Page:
Weird History Here Are All The Craziest Dinosaur Facts That Have Been Discovered Since You Were In School  

Stephan Roget
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People have searched for the truth about dinosaurs for centuries. While previous generations may have considered them dragon remnants or fossils placed into the ground by God to test humanity's faith, the real picture has become clearer with each new dinosaur discovery. Research has also illuminated the similarities between dinosaurs and birds - dinosaurs had feathers, among other bird-like traits.

Several of the most important questions, like learning how dinosaurs behaved or what they looked and sounded like, have ambiguous answers at best. Dino researchers have dug up fossils and examined them for generations, but now some question the validity of a few widely believed conclusions. Along with the discovery of many new dinosaur species, our knowledge about dinosaurs has completely changed. Check out the most shocking facts about these giants.

The Tyrannosaurus Rex Definitely Wasn’t Fast Enough To Chase A Jeep


The Tyrannosaurus Rex Definite... is listed (or ranked) 1 on the list Here Are All The Craziest Dinosaur Facts That Have Been Discovered Since You Were In School
Photo:  Universal Pictures

One of the most famous scenes in Jurassic Park features a Tyrannosaurus rex chasing down a group of the film's protagonists as they speed away in a Jeep. However, despite the impressive size of its legs, the T. rex was probably not able to run much at all. Scientists previously estimated the T. rex could travel at speeds as high as 33 mph, but a 2017 study using complex computer models estimated the creature could only travel a maximum of 12 mph.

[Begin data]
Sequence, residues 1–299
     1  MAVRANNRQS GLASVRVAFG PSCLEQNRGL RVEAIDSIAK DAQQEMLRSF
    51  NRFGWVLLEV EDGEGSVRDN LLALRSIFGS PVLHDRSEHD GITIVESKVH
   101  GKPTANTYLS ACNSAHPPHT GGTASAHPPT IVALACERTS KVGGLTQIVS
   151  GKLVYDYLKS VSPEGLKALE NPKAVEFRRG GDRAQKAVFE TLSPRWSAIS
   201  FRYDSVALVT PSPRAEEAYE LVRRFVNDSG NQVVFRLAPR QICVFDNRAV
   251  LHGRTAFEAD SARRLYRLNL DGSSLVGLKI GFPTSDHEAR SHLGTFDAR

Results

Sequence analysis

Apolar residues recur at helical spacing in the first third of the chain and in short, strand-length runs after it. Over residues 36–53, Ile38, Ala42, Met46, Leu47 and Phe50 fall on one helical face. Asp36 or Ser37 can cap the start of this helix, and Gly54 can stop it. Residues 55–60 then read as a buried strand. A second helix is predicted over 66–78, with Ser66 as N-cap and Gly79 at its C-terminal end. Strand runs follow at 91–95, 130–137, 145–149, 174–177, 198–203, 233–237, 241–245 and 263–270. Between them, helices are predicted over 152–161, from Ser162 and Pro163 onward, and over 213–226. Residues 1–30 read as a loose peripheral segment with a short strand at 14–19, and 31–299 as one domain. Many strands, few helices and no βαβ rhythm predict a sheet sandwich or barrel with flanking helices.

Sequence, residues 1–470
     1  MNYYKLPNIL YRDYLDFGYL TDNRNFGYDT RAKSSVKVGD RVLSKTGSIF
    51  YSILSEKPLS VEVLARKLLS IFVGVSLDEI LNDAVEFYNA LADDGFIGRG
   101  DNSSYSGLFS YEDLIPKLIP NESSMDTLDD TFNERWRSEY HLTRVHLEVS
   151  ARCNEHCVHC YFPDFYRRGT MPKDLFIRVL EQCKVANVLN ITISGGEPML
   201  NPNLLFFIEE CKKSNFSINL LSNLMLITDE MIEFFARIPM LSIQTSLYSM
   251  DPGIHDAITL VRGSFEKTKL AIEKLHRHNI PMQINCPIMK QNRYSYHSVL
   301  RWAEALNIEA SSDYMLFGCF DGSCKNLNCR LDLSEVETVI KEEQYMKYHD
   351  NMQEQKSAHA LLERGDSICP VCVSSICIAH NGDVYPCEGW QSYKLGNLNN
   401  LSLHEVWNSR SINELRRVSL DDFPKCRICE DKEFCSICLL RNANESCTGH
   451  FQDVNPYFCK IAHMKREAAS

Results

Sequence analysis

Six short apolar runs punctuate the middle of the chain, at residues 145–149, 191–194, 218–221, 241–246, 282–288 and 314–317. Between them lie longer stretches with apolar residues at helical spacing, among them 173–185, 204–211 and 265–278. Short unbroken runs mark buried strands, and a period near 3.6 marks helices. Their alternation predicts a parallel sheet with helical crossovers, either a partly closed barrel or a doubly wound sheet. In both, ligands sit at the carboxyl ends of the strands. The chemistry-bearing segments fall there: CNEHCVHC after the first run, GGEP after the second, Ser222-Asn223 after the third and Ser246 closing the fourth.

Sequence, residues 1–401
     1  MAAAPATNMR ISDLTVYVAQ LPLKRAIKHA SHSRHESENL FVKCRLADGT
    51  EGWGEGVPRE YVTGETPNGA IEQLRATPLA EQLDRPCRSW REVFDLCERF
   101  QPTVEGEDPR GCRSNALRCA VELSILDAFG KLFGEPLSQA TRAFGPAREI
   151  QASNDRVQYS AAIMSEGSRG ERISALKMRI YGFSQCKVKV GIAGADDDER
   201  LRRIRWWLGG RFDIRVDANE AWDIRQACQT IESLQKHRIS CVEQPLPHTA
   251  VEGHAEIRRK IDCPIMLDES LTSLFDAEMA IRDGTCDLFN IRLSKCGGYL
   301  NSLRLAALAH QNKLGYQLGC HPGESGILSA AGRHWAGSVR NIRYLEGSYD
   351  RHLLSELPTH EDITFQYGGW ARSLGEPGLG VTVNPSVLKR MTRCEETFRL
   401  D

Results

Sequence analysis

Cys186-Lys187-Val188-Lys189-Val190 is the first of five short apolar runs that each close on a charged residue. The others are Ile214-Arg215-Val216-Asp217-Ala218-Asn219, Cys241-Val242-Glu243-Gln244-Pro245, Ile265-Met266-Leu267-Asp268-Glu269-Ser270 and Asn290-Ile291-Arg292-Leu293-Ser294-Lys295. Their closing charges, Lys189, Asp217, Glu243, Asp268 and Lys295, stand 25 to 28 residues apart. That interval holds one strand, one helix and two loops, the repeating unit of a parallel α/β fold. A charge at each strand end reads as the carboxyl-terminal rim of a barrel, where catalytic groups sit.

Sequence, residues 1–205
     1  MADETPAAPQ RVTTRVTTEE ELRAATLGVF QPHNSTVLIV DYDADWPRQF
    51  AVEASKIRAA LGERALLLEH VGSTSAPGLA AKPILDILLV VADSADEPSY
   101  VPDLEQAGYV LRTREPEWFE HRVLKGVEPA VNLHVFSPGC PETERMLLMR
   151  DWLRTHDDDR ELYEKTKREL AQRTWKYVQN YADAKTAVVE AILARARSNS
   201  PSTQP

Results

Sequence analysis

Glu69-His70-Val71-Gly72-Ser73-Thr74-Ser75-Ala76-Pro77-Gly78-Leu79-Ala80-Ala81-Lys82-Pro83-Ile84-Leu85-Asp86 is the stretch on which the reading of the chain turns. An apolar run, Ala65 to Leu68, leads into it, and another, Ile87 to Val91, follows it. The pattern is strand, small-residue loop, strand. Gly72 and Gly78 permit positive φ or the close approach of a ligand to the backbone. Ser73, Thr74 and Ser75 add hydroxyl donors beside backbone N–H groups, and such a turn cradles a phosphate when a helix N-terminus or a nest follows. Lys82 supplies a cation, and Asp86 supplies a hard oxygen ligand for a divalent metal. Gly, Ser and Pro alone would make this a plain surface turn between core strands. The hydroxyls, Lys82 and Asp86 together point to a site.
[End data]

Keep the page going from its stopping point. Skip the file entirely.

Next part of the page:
Most Dinosaurs Had Feathers


Most Dinosaurs Had Feathers is listed (or ranked) 2 on the list Here Are All The Craziest Dinosaur Facts That Have Been Discovered Since You Were In School
Photo: Matt Martyniuk/Wikimedia Commons

Books and educational materials traditionally depicted dinosaurs as giant lizards. However, this is beginning to change as their evolutionary connection to birds is becoming increasingly apparent. The idea of a dino with plumage is difficult to imagine, but the majority of paleontologists now agree most - if not all - dinosaurs had feathers.

The discovery didn't happen all at once, but in stages, as researchers discovered more feathered specimens, and the truth became impossible to ignore. Since feathers don't usually preserve well, it took years before scientists discovered enough fossils to support the hypothesis. At first, only flesh-eating dinosaurs purportedly had feathers, but the discovery of a well-preserved, feathered herbivore species in 2014 compelled paleontologists to consider perhaps all dinosaurs were downy.

The Brontosaurus Was Real After All


The Brontosaurus Was Real Afte... is listed (or ranked) 3 on the list Here Are All The Craziest Dinosaur Facts That Have Been Discovered Since You Were In School
Photo:  Wikimedia Commons

The Brontosaurus is one of the most recognizable dinosaurs, thanks to frequent mentions on the TV show The Flintstones. For a long time, however, many paleontologists didn't believe the species existed. The Brontosaurus came about when a paleontologist misidentified an Apatosaurus skeleton during the overly competitive fossil-hunting competition termed the "Bone Wars." 

In 2015, a research team challenged this belief when they found "significant differences" between typical Apatosauruses and the original Brontosaurus specimen. The Brontosaurus appears poised to finally re-enter the history books.

The Triceratops Kind Of Didn’t Exist


The Triceratops Kind Of Didn’t... is listed (or ranked) 4 on the list Here Are All The Craziest Dinosaur Facts That Have Been Discovered Since You Were In School
Photo: Alina Zienowicz/Wikimedia Commons

In 2010, a study revealed the Triceratops species didn't exist, and the internet flew into a panic at the disappearance of one of the coolest-looking dinosaurs. The truth turned out slightly more complex. Researchers found the previously uncovered Triceratops specimens were younger Torasauruses, rather than their own distinct species. However, as the original research paper mentioned, researchers coined the name Triceratops a few years before Torosaurus, so the official name of the species remains the former.